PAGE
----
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PCBD-Nov2017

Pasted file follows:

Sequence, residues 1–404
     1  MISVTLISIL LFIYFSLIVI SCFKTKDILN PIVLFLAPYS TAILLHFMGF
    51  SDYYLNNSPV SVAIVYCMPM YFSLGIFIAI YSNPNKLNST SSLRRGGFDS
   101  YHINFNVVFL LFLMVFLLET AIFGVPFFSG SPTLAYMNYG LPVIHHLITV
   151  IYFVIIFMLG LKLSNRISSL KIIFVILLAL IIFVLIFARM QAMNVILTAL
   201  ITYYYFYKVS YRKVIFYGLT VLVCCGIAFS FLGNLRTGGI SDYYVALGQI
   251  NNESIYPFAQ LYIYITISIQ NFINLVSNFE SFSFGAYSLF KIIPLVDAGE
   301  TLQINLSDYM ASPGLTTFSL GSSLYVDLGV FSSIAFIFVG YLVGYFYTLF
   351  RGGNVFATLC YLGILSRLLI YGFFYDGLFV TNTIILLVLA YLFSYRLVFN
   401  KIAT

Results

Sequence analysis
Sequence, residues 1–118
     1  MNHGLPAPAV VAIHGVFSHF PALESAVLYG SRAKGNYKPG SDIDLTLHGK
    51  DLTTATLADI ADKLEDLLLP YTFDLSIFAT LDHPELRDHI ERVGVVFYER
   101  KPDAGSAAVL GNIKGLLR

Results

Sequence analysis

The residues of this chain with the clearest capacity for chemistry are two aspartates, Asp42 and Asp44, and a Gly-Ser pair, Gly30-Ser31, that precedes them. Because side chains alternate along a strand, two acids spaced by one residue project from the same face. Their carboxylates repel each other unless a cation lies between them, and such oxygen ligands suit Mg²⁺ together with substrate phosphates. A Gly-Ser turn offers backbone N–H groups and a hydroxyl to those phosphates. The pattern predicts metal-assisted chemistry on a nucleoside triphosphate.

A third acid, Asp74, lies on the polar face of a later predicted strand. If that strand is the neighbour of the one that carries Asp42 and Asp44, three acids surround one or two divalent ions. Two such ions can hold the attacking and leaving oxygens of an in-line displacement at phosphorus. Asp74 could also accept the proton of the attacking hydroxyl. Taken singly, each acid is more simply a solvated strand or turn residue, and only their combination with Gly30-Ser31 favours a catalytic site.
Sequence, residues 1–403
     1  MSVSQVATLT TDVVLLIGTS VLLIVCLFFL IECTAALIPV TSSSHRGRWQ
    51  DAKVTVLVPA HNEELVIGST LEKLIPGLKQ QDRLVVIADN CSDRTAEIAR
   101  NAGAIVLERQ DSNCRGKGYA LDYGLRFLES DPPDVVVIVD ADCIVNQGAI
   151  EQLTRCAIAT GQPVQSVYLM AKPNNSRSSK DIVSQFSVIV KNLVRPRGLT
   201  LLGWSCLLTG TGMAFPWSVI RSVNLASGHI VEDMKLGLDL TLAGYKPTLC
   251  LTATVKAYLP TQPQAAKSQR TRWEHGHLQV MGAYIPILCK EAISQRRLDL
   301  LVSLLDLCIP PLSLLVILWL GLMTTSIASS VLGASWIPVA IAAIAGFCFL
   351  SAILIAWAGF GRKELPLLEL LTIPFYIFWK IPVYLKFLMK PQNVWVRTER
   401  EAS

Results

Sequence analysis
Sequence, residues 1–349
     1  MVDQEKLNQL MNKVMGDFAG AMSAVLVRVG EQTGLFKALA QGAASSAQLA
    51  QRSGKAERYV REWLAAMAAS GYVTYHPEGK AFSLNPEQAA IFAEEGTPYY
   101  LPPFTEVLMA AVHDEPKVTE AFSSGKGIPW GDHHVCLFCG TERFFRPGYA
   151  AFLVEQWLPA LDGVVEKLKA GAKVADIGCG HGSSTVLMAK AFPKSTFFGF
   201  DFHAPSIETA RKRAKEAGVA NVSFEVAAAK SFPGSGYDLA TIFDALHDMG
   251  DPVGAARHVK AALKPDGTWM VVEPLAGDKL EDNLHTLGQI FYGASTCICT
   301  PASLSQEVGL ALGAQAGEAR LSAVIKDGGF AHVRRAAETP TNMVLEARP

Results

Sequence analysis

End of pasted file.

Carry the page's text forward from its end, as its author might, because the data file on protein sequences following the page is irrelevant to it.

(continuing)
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November 2017 • The PCB Design Magazine 27 THREE PERSPECTIVES ON HDI DESIGN AND MANUFACTURING SUCCESS if you are using the small-pin package, you don't have room for that. I design boards that have thousands of nets that would need to come out to the outer surface and often there is no room. HDI does not lend itself well to that. With these high-density challenges test- ing companies tend to go more into functional test or JTAG." Assembly Front HDI concerns lie primarily with designers and fabricators. However, one of the biggest is- sues when it comes to assembly is component placement feasibility, according to Creeden. "A via-in-pad, even if it's a through-hole via, is a form of HDI. Therefore, it's high-density from a placement perspective because now I can fit all the parts on the board with good DFA con- siderations. Because I can put a via in its pad, I can route that board. Assemblers typically don't know what it takes to route a board. They don't know what's internal. They see the outer layer—and that's mostly what the assembler will consider. Typically, what the assemblers would care about is the assembly profile. The assembler has three agents: the bare board, the components, and the bonding agent of solder. Assemblers want to ensure that land pattern provides a robust solder connection to match the component, especially getting a good solder connection underneath any BGA," he explains. "That's critical to them. One of the concerns they are seeing now is package types known as landless grid arrays (LGA), which are like BGA but without elevated solder balls on each contact pin. I see this utilized with a lot of power sup- ply devices. The problem, because of its coplanar mating, they cannot disperse the solder flux resi- due, causing it to form a barrier on the edge of the device. It's not a normal perception of an HDI issue, but when you're talking about 100 amps coming from a power-supply device, that's a high-density power issue. People have this way of thinking that HDI means only microvias; now I put to you that HDI can be something with larger features such as a landless low-profile part, which may become an HDI assembly concern. So, what a good designer might do is to add vent holes in between the pins of the landless grid arrays so they can outgas the flux residue." HDI is here to stay, and there are three key perspectives of concern: layout solvability for the geometry and density, electrical integrity, and manufacturability. PCBDESIGN Researchers from DTU, Aarhus University, IBM, and Brookhaven have for the first time made self- assembly work in the thinnest films that exist: two- dimensional materials. The most well-known one of these is graphene that consists exclusively of carbon atoms and has outstanding electrical prop- erties. This creates new hope for super-storage media in extremely small scale. At DTU, Professor Peter Bøggild is thrilled and believes that the new discovery has a huge potential. "We know that pattern- ing of thin films is one of the keys to produce new proper- ties, and—in my opinion— this is a breakthrough. We already know how we can stack materials one layer at a time, and now it appears that we can also pattern them in something approaching atomic resolu- tion. It will be exciting to see how far we can get with this strategy." Bøggild believes, however, that it is still too ear- ly to say anything about the applications. "We've basically discovered a new way of con- trolling nanomaterials at atomic scale. Graphene islands behave like small artificial atoms and can be used for many different applications within the energy sector, biosen- sors, and optoelectronics. But where it gets really excit- ing is if we can learn to do the same with some of the hundreds of other atom-thin films that we know today." says Bøggild. Carbon Atoms Assemble Themselves on Command

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